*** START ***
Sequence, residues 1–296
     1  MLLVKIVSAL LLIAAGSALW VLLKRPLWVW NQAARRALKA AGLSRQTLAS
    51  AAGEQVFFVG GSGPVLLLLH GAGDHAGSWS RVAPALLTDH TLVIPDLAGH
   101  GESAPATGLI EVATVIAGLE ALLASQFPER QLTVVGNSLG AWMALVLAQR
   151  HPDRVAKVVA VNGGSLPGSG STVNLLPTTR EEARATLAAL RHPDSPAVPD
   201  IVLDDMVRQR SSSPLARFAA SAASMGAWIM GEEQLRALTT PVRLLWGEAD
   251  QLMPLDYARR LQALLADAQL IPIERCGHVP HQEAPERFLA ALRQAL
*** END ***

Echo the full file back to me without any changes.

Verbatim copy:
Sequence, residues 1–296
     1  MLLVKIVSAL LLIAAGSALW VLLKRPLWVW NQAARRALKA AGLSRQTLAS
    51  AAGEQVFFVG GSGPVLLLLH GAGDHAGSWS RVAPALLTDH TLVIPDLAGH
   101  GESAPATGLI EVATVIAGLE ALLASQFPER QLTVVGNSLG AWMALVLAQR
   151  HPDRVAKVVA VNGGSLPGSG STVNLLPTTR EEARATLAAL RHPDSPAVPD
   201  IVLDDMVRQR SSSPLARFAA SAASMGAWIM GEEQLRALTT PVRLLWGEAD
   251  QLMPLDYARR LQALLADAQL IPIERCGHVP HQEAPERFLA ALRQAL